'Anon(ymous)' Gives a Modern Take On Homer's 'Odyssey'
UW-Milwaukee’s Department of Theatre expresses what a pluralistic society means in its presentation of Anon(ymous). This adaptation of Homer’s The Odyssey takes the heroic stories of Odysseus and integrates a new protagonist into the mix. The modified version of a classic tale follows the life of Anon, a lost and confused refugee on his quest to find his mother and salvation in his new home.
Anon(ymous) gives the audience a sense for the lives of contemporary refugees fleeing war-torn lands in hopes of finding a better life. In the story, Anon, his mother and a group of other refugees escape their homeland by boat, only to be capsized by the waves of the ocean and separated from one another. Anon is taken in by a wealthy American family and his mother finds herself working in a sweatshop, both assuming they have lost each other forever.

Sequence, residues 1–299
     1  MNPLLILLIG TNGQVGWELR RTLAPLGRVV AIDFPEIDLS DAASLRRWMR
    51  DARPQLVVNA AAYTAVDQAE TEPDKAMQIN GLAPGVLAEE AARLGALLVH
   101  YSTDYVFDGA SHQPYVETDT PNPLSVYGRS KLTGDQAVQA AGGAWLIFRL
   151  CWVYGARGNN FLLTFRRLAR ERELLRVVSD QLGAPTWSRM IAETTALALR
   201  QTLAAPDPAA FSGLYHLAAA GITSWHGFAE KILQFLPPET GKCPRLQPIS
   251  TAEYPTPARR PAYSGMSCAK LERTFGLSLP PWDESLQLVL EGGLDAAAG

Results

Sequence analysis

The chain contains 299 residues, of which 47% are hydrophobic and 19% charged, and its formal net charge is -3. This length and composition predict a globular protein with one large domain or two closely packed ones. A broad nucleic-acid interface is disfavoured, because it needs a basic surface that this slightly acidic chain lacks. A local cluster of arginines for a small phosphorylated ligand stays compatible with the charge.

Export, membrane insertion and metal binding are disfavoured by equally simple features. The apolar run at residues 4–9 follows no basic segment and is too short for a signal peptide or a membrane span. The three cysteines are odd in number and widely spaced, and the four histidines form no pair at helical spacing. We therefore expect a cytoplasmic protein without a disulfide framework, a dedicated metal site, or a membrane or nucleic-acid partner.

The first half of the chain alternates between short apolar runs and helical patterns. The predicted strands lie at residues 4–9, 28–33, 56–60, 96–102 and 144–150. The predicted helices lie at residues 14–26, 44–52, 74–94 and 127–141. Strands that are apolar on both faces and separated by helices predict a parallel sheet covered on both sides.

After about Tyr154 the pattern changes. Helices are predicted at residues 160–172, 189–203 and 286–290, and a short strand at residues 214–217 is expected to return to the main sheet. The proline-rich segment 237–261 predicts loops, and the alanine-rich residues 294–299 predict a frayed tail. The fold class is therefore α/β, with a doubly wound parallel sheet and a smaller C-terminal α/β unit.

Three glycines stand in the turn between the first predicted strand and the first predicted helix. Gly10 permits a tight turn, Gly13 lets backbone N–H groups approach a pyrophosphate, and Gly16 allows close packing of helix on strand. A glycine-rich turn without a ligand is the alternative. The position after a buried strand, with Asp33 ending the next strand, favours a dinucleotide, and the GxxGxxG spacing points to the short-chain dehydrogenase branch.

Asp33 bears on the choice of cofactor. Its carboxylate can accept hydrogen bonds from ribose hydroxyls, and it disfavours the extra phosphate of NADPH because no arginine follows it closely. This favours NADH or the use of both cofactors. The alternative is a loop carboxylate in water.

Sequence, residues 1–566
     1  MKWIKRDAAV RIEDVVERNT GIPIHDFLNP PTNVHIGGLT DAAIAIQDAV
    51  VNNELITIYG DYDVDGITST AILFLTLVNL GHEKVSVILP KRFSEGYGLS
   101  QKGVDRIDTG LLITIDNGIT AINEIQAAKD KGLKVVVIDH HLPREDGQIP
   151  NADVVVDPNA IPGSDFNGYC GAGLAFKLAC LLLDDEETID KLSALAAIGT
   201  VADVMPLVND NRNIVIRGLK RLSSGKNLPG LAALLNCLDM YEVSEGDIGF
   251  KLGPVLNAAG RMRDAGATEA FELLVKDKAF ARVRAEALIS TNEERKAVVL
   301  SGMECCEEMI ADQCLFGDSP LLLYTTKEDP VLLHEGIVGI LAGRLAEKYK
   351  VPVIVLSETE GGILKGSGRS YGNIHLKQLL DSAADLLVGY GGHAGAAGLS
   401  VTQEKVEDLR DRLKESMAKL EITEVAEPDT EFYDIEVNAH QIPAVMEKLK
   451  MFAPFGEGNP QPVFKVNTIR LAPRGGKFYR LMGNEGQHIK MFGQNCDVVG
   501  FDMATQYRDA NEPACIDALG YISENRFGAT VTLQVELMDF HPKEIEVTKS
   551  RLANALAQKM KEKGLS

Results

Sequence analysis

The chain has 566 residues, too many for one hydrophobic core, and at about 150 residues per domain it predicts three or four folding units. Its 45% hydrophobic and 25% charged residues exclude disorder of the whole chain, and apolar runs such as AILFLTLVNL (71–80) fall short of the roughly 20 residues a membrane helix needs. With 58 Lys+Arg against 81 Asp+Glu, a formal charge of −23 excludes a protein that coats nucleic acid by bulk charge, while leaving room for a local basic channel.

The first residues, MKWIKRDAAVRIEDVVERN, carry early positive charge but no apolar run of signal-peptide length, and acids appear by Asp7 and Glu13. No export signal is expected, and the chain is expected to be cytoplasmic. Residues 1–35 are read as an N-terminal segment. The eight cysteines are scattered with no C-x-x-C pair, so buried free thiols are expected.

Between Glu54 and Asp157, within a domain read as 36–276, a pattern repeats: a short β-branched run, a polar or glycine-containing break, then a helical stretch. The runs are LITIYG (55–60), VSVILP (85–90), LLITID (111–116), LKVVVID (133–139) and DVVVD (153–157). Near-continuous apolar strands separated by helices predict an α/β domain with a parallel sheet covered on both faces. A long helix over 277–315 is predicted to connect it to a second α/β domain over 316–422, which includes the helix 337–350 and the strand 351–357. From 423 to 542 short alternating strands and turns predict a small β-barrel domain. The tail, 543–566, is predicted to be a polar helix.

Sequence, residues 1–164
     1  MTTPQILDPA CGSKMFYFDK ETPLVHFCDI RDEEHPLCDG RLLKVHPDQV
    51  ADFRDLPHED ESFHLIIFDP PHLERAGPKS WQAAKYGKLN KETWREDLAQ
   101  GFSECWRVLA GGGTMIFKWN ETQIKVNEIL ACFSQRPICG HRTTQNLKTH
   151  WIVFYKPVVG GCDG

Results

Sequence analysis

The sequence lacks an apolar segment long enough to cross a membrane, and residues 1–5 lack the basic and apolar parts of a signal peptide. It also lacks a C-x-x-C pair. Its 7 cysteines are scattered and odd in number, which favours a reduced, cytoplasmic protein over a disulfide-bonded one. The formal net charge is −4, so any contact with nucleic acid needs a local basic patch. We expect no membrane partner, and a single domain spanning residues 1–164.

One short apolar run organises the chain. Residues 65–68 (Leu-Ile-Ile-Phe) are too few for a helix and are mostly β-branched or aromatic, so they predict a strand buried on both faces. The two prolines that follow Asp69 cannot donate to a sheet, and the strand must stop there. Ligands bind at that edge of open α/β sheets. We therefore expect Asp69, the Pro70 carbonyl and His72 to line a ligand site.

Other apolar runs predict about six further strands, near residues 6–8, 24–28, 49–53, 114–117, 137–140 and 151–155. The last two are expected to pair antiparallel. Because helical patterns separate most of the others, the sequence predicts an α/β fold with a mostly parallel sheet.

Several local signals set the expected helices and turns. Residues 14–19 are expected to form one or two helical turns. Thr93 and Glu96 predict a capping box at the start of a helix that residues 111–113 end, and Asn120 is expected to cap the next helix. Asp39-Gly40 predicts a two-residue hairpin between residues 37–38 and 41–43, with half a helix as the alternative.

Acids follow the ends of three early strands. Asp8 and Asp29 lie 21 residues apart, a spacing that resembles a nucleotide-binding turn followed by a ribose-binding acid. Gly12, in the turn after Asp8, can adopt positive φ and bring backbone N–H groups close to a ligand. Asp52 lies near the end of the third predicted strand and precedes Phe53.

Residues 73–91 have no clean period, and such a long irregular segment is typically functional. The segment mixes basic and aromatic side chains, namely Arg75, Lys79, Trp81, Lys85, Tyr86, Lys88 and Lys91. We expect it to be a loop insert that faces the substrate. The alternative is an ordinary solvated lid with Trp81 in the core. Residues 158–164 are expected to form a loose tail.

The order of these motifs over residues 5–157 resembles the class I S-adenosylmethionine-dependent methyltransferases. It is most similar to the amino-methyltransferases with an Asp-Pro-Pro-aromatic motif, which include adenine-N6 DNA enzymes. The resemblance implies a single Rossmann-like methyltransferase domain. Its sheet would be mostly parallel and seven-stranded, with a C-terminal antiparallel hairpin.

As Anon tries to adjust to American culture, he is discouraged by the materialistic lifestyle that his new family lives by. Time goes by and Anon realizes that the comforts of America are not the same as what it was like in his homeland and feels that his uncultured family isn’t allowing him to be himself, so he runs away. He finds himself once again without a home and feeling like a nobody.
In his journey to find himself, Anon deals with goddesses, ghosts and terrible monsters, making friends and enemies in the process. The play uses engaging metaphors to show what it’s like adjusting to a new culture and how difficult it can be to find acceptance. The audience learns that it’s easy to get lost and forgotten when starting somewhere new and how important it is to be open to and accepting of new ideas.